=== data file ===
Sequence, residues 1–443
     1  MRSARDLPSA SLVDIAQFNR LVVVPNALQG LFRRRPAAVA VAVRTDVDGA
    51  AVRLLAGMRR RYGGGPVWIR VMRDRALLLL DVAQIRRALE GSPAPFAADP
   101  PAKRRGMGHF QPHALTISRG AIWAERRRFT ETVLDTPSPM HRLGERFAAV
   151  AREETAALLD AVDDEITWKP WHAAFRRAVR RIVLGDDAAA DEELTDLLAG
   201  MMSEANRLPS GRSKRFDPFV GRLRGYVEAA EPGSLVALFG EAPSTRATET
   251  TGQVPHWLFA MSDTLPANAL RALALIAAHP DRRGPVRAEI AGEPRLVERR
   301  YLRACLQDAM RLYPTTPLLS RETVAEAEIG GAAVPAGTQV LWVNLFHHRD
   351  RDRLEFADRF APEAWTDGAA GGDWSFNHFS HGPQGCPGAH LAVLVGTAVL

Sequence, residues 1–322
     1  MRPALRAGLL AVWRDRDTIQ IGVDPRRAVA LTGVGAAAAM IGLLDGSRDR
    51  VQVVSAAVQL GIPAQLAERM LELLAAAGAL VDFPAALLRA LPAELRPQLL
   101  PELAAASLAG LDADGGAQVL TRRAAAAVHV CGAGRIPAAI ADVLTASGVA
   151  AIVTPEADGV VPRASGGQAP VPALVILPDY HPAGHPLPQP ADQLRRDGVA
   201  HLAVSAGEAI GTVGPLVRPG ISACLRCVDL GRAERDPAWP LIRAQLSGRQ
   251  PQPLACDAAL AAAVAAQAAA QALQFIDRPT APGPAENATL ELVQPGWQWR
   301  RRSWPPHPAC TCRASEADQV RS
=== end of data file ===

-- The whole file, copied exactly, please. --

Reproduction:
Sequence, residues 1–443
     1  MRSARDLPSA SLVDIAQFNR LVVVPNALQG LFRRRPAAVA VAVRTDVDGA
    51  AVRLLAGMRR RYGGGPVWIR VMRDRALLLL DVAQIRRALE GSPAPFAADP
   101  PAKRRGMGHF QPHALTISRG AIWAERRRFT ETVLDTPSPM HRLGERFAAV
   151  AREETAALLD AVDDEITWKP WHAAFRRAVR RIVLGDDAAA DEELTDLLAG
   201  MMSEANRLPS GRSKRFDPFV GRLRGYVEAA EPGSLVALFG EAPSTRATET
   251  TGQVPHWLFA MSDTLPANAL RALALIAAHP DRRGPVRAEI AGEPRLVERR
   301  YLRACLQDAM RLYPTTPLLS RETVAEAEIG GAAVPAGTQV LWVNLFHHRD
   351  RDRLEFADRF APEAWTDGAA GGDWSFNHFS HGPQGCPGAH LAVLVGTAVL

Sequence, residues 1–322
     1  MRPALRAGLL AVWRDRDTIQ IGVDPRRAVA LTGVGAAAAM IGLLDGSRDR
    51  VQVVSAAVQL GIPAQLAERM LELLAAAGAL VDFPAALLRA LPAELRPQLL
   101  PELAAASLAG LDADGGAQVL TRRAAAAVHV CGAGRIPAAI ADVLTASGVA
   151  AIVTPEADGV VPRASGGQAP VPALVILPDY HPAGHPLPQP ADQLRRDGVA
   201  HLAVSAGEAI GTVGPLVRPG ISACLRCVDL GRAERDPAWP LIRAQLSGRQ
   251  PQPLACDAAL AAAVAAQAAA QALQFIDRPT APGPAENATL ELVQPGWQWR
   301  RRSWPPHPAC TCRASEADQV RS